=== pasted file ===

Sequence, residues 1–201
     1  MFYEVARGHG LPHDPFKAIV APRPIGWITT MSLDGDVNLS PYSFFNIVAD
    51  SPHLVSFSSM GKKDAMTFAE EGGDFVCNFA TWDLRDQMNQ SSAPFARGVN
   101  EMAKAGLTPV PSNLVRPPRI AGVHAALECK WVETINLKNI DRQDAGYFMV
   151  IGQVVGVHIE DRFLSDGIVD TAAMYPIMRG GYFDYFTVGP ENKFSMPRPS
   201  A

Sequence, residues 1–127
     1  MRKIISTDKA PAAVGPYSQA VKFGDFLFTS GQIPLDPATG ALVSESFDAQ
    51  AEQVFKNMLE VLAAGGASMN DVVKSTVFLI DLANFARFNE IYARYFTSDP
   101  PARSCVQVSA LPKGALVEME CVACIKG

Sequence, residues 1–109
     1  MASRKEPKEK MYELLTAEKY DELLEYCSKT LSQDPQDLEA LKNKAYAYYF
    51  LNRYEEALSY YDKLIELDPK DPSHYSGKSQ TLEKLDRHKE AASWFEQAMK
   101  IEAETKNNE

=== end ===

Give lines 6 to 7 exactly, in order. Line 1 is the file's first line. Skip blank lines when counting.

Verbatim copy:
   201  A

Sequence, residues 1–127